10 Most Common Questions – Writing and Selling a Children’s Graphic Novel

By | March 21, 2021

The newest, most influential category in the ever-changing world of publishing books is Children’s Graphic Novel. That is the difference that some people may still believe that comic novels, which are comics printed in books, are all children. Luckily a lot of people are very enlightened these days and realize that graphic novels are, in fact, written for audiences and types of readers as traditional books.

Confusion arises because the “graphic novel” is used to describe almost every kind of comic book, except for manga (Japanese comics). Unlike other parts of a bookstore, such as “Mystery,” “Science Fiction,” or “Romance,” “Graphic Novels” is not a genre, but a category. Like “Audio Books,” which can include many genres, “Graphic Novels” is not one book. In other words, until recently all sorts of photo novels have been put together in one category without content.

The good news is that Children’s Graphic Novel is the first type of breakthrough in the standard Graphic Novel section. Going on many levels, especially because bookstores need to be sensitive to the needs of customers — especially parents who do not want to buy things that are not appropriate for their children unknowingly.

So as a new section is engraved on the shelves of a bookstore, clever publishers recognize the need for materials to fill this new need. It is then that aspiring writers begin to smell the effects of the new trend. But what do they need to know if they hope to actually sell the Children’s Graphic Novel to the publisher? Let’s take a look at, and answer, some of the most frequently asked questions …

1) Do I need to be an artist?

No, but it doesn’t hurt if that’s the case, and your suggestion should include a complete Children’s Graphic Novel or a larger sample. If you are not an artist, you will need to find it. Humor is a way of looking at it, so even if you’re not an artist, it’s important to think about looks. If you want to keep a child’s attention throughout your Photo Novel, it is important to keep the graphics as powerful and attractive as your text. If this story or artwork seems boring, why would a child want to read your picture novel? For good guidance check out Will Eisner’s Comics and Sequential Art, Will Eisner’s Graphic Storytelling and Visual Narrative, and ScottMcCloud’s Understanding Comics: The Invisible Art.

2) How do I find a Children’s Graphic Novel artist?

There are many ways. First go to comedy meetings, especially those in big cities that contain portfolio reviews. Many professional or comedian artists attend these meetings in hopes of finding work by going to comedy editors. introduce yourself to these artists, explain that you hope to find an artist to work with to promote the Children’s Graphic Novel. You may feel an obligation to work with the first artist who is willing to work with you. It would be good to suggest that you are looking for the right artist for your project, and that you will need to review the work of several artists to find the right one. Another way to find an artist is to review the samples sent to deviantart.com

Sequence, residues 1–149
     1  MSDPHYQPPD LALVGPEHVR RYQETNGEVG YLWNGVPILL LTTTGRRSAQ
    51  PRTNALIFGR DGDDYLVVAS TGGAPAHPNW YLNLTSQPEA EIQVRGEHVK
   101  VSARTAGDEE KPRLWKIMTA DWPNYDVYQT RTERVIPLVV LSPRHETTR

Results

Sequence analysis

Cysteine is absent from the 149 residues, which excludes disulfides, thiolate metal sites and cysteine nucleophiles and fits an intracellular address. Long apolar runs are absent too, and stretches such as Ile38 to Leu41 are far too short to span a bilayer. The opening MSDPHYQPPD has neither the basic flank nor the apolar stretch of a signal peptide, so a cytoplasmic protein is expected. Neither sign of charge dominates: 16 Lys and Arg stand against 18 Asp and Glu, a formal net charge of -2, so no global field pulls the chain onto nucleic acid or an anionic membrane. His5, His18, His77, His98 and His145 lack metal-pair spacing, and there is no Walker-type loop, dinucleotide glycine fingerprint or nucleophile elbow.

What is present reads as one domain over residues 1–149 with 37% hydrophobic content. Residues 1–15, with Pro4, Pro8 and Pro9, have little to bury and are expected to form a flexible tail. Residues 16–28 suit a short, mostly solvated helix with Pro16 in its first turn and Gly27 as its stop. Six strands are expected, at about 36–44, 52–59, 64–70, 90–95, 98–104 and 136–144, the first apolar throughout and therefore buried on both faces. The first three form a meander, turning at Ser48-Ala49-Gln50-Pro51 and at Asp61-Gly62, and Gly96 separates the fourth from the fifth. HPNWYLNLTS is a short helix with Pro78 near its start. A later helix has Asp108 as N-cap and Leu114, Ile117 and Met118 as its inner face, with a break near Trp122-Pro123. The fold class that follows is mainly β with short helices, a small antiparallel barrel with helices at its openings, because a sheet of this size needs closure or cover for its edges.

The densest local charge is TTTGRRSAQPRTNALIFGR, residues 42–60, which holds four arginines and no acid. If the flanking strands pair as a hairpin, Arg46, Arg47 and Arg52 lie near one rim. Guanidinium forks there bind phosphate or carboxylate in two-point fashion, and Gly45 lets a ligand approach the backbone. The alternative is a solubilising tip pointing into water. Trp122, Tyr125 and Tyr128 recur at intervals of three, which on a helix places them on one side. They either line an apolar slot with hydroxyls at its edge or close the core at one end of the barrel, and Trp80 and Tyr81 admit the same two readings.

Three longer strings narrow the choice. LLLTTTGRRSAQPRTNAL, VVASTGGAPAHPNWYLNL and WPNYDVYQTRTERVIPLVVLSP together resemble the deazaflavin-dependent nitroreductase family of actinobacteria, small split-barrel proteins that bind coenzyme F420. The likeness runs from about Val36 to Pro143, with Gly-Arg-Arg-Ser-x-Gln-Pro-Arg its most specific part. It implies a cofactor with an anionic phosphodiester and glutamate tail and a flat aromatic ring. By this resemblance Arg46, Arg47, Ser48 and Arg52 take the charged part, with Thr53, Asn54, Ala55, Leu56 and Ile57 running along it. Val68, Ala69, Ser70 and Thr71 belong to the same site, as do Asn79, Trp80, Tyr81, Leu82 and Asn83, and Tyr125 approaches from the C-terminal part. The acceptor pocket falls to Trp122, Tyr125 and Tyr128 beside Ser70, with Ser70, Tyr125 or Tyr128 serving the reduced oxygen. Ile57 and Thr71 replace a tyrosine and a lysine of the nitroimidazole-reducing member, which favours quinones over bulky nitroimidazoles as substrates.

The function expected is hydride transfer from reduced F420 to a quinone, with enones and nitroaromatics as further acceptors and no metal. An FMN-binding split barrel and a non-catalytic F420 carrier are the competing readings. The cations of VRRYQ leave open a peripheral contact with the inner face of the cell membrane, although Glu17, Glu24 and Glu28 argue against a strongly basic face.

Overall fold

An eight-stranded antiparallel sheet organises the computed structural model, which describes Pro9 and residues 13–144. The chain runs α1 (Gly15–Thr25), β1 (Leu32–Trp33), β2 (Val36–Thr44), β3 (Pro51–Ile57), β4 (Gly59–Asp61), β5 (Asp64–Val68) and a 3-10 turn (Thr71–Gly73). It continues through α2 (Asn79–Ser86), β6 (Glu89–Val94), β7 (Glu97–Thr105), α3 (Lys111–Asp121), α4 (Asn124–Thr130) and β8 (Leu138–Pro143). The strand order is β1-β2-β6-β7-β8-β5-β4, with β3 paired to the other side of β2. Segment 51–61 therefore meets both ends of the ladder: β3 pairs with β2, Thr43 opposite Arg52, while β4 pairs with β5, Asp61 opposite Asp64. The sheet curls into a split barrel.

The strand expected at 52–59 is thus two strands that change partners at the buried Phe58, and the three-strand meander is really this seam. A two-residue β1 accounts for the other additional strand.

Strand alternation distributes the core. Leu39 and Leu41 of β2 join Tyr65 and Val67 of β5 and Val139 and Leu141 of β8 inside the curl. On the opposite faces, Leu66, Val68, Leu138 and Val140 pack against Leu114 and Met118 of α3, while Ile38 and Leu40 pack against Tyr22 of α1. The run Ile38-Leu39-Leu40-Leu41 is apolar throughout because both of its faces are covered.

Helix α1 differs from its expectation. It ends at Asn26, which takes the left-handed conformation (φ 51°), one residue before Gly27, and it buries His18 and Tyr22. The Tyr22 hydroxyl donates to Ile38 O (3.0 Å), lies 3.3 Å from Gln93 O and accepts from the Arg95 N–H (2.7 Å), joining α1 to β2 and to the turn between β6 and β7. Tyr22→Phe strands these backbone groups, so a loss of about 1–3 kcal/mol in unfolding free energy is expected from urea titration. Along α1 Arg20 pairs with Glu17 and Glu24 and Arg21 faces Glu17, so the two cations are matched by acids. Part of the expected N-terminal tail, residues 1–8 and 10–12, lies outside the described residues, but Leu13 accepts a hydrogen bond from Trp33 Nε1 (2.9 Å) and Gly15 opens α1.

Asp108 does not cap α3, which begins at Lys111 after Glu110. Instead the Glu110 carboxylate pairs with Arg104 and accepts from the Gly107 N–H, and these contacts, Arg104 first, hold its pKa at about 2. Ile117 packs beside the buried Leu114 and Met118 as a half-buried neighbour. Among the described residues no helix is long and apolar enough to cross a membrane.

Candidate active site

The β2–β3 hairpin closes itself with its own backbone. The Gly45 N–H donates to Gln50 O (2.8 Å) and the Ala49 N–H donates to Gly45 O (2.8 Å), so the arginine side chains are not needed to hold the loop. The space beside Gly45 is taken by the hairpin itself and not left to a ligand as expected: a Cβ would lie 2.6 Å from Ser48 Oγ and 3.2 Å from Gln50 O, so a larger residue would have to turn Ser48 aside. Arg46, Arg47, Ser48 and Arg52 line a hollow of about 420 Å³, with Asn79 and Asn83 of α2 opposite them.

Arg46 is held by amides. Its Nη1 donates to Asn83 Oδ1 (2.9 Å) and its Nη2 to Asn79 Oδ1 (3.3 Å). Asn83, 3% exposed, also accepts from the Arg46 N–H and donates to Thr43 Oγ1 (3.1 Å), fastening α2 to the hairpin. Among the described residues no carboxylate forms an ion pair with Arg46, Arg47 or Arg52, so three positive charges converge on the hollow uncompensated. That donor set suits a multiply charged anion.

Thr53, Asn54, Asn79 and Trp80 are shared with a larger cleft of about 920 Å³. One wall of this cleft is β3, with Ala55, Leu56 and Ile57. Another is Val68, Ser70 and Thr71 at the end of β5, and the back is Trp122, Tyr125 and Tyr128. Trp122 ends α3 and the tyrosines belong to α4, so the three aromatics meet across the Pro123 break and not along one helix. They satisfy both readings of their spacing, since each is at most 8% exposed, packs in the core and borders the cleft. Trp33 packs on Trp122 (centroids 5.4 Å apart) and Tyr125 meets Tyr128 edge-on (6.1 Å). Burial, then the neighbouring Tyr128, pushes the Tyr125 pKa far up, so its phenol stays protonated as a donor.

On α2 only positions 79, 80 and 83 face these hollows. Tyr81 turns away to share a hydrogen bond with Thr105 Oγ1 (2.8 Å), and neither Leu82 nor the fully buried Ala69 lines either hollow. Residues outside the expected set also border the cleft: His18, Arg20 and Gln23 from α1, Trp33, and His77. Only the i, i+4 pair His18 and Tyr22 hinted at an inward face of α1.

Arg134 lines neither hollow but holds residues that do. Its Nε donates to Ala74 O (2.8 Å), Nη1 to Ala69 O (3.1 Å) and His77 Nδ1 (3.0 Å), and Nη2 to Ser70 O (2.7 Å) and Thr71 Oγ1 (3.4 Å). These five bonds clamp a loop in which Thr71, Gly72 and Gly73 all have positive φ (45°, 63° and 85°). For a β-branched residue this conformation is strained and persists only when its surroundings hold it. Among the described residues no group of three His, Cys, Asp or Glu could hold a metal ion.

3) Do I need a contract with an artist?

For security, it is best to have a written agreement between you and your artist before you start working together. For the best legal advice it is always best to consult a lawyer. But if that doesn’t work, you should get a written agreement between you and your artist that explains as much as possible, especially as much as possible. You want to be fair, so the purpose of the agreement is to meet your expectations and objectives, and to make allowances for any party to move in case things go wrong. No matter, you should be clear that the copyright of your story belongs to you alone. The copyright of the paintings may belong to the artist.

4) Is there an app I can use to format my text?

It may be there, but you don’t have to. Comedy writing is like drama, television and film literature, except that it is divided into pages rather than scenes. While dialogue scenes can stay on the pages at the end, especially in games, comics and graphic novels are limited to how much art and dialogue can equal the page. It would be wise to study novels with illustrations like what you hope to do to get a clearer idea of ​​word order in balloon words and captions. Keep in mind, there are no hard and fast rules. If you wish to be told in sequence without any dialogue at all, where you allow the images to tell a story (like the many dramatic sequences in Alfred Hitchcock’s films or the non-fiction sequence in Brian Selznick’s The Invention of Hugo Cabret), it’s important to give your artist as much detail as possible. Unlike modern movie screen games that leave a character and set captions, as well as detailed details for each image, comic texts should have as much detail about the artist as possible.

5) Where can I see a sample?

Like everything else these days, you can find many comic texts online. The basics are very simple, as the short sample page shows:

Mr. Snuggles [Topic for Children’s Picture Novel]

Fifth page [This is the fifth page of jokes, not the 5th page of the script]

First panel: (Mr. Snuggles runs to the front door of the apartment with a teddy bear in his mouth.) [Description of first panel sketches.]

Captions 1: It is 6:00 pm and although Mr. Snuggles who can’t tell the time, somehow knows when Cortney is home. [Original caption text.]

Second Panel: (Cortney’s hand closure puts his key in the front door of the apartment. The key is in a series of key keys